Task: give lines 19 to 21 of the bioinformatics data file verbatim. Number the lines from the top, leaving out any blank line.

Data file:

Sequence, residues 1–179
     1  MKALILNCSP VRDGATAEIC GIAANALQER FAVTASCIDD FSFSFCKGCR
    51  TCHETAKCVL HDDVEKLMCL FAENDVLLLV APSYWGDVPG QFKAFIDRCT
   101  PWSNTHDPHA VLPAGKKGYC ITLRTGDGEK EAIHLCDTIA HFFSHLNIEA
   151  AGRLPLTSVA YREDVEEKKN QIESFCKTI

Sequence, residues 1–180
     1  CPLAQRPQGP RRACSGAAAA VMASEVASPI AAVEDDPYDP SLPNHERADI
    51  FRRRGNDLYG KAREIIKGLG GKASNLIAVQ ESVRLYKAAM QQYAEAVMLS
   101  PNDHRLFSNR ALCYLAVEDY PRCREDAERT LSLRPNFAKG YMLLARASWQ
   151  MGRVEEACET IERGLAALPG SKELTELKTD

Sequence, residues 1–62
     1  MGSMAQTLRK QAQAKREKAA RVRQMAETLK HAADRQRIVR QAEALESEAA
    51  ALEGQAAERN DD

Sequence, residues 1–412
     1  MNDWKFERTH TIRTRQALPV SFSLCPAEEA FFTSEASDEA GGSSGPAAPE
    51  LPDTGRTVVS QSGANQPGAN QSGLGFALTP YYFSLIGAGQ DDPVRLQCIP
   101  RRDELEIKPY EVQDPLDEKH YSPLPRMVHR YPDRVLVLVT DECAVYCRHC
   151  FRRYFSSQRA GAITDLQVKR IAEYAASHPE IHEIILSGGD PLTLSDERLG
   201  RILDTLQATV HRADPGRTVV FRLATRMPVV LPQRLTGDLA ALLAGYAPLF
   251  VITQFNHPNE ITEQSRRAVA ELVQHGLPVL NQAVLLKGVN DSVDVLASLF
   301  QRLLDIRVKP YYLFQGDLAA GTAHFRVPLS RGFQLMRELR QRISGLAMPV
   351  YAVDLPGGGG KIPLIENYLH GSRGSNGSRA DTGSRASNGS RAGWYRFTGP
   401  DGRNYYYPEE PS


   201  RILDTLQATV HRADPGRTVV FRLATRMPVV LPQRLTGDLA ALLAGYAPLF
   251  VITQFNHPNE ITEQSRRAVA ELVQHGLPVL NQAVLLKGVN DSVDVLASLF
   301  QRLLDIRVKP YYLFQGDLAA GTAHFRVPLS RGFQLMRELR QRISGLAMPV